It looks like we will have a good group of young agricultural leaders for the next 20 months. Here is a picture of the class. Your southwest oklahoma estate planner is still one of the tallest, so check the back row for my familiar face.
I have been approached by quite a few of my regular income tax clients this past month (and some new ones) and most have the same question: What do we need to do to ensure lower taxes and have everything ready for preparation on time? I have the following suggestions for them and want to pass them on to everyone on the internets.
1. Ensure you are keeping proper records. This applies not only to keeping receipts, but also to your financial records for any business you may have. With one client, I did a short review of his company books and found negative accounts in inventory. His book-keeping system was improperly crediting inventory when ordered, but there was no corresponding debit when delivered. Since we started looking early enough, we were able to address the problem rather than being rushed in tax season or having to file an extension.
2. The general rule is that you want to accelerate expenses and defer income, but this may not hold for this year to next year. Generally, because of the time value of money ($1 today will buy more than $1 in one year) you want to report as little in income as possible, while staying within the law. However, we have two factors working against this strategy right now: tax rates are scheduled for a grand increase next year and rates of return are so low that a dollar saved won’t make too much difference anyway.
How this plays out is best illustrated by a couple of examples using the capital gains rate. This year, 2012, the top federal Long-Term Capital Gain (LTCG) rate is 15%. Next year the LTCG rate is scheduled to increase to 20% and, if the taxpayer’s income is “too high”, then could incur an additional 3.8% surtax. So if you have a gain that you know will be recognized soon, you could stand to save 8.8% in taxes by recognizing it before December 31, rather than later. At a guaranteed rate of return of only 0.4% it will take many years to make up the loss in taxes.
3. Now is the time to purchase equipment or machinery you need. I mentioned this in a previous article that the Section 179 expense deduction is going to seriously curtailed next year. This year you can make qualified purchases up to $125,000 and immediately deduct the cost. Next year, the limit is $25,000 and decreases dollar for dollar on any purchase over the $25,000. As an example, if you needed to purchase a $100,000 tractor and your effective tax rate was 30%, if bought this year, you would save $30,000 in taxes, but next year, you would only get regular depreciation which equals about only $4,200 in tax savings.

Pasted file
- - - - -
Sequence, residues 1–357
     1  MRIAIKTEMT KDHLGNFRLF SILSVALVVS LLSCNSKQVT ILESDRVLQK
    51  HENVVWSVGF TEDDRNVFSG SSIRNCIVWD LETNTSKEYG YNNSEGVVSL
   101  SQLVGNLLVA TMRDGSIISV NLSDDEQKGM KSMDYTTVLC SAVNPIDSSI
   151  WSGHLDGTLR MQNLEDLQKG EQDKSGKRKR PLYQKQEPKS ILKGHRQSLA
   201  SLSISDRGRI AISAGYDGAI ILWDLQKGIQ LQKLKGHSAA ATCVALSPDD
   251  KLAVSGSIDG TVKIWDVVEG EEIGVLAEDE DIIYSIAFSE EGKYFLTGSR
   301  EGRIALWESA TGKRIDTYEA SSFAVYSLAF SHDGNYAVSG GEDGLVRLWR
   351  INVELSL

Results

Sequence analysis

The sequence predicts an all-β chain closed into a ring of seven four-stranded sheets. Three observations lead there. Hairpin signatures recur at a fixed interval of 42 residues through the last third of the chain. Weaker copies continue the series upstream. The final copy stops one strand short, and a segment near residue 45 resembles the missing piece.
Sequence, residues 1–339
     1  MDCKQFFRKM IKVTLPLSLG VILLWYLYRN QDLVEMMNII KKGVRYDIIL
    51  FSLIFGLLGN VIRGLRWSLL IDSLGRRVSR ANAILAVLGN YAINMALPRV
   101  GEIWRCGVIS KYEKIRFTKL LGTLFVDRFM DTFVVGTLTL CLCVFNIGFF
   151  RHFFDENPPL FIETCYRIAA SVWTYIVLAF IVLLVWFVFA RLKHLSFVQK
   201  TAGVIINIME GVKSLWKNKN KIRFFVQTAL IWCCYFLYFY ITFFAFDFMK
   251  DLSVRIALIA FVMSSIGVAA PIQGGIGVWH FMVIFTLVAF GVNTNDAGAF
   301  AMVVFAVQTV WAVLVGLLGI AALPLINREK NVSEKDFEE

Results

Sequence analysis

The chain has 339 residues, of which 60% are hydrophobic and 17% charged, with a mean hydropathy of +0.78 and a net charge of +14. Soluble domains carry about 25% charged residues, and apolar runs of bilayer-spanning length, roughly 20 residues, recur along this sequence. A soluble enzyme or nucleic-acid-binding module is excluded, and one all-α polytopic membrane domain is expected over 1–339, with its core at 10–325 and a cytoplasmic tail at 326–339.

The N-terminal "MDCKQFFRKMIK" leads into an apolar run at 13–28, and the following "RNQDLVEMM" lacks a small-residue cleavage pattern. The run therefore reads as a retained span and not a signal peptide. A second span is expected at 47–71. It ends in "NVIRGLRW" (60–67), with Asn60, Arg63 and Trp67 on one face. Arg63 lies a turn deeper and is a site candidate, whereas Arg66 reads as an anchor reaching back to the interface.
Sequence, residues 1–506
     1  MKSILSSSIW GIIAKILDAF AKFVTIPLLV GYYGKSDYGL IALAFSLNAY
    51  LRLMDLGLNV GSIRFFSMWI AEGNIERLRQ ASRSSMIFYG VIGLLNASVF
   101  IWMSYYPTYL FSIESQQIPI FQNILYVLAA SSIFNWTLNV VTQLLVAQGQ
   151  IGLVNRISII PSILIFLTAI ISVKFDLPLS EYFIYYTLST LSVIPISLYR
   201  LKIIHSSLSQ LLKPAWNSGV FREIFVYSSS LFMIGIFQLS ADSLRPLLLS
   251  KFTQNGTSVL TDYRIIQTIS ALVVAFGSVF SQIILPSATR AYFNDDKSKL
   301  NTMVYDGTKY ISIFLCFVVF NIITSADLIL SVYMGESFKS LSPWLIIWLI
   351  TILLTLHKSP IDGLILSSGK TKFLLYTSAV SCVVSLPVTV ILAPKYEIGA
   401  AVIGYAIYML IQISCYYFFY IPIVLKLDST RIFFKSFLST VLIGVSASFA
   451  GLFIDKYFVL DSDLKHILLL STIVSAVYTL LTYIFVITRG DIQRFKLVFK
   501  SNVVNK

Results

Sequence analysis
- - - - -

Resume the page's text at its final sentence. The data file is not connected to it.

As with estate planning, tax planning is much better accomplished the sooner you start. If you have questions or if you need a tax preparer for next year, please do not hesitate to contact my office.
We have scheduled our next estate and tax planning seminar for southwestern Oklahoma on Thrusday, September 13, 2012. We will be offering two times for the seminar; 2:30 and 6:30 p.m. Both will be at the Southwest Technology Center in Altus. If you are available for one of those times and would like to learn more about estate and tax planning, then call my office at 580-318-8829 to reserve a spot.
This will be a pretty basic seminar focusing on wills, trusts, joint tenancy, and beneficiary designations. Come learn how to plan for leaving your legacy.
I have scheduled another basic estate planning seminar for Thursday, September 13, 2012. I hope to have two separate times available for this date: 2:30 and 7:00 pm.
If you are interested, then please let me know so I can reserve you a spot. I hope to have up to 40 people at each event.
Another tax from the Affordable Care Act (Obamacare) will go into effect on January 1, 2013 and it may have an impact on the middle class and those grieving a loss of a loved one. As part of the funding mechanism for benefits, Congress imposed a 3.8% Medicare surtax on passive income if an individual makes more than $200,000 or $250,000 for a couple, or what will be the highest marginal tax bracket for the taxpayer. The surtax is imposed on passive income, when previously, Medicare and Social Security were only imposed on earned wages.
How does this affect trusts? Well, since a trust or estate cannot income, prior to January 1, 2013, the entity was exempt from any of these “payroll taxes”. Under the law, though, the passive income (investments, interest, etc.) will be subject to the additional surtax when the trust or estate reaches the highest marginal rate at $12,000.
It is fairly easy to plan around paying income taxes through a trust or estate, but those without proper planning may find that the legacy left to them by their loved ones subject to up to nearly 50% in taxes when Oklahoma taxation is included. This is after estate taxes of up to 55% are taken out. If you want to plan for these taxes, then call my office to set up an appointment.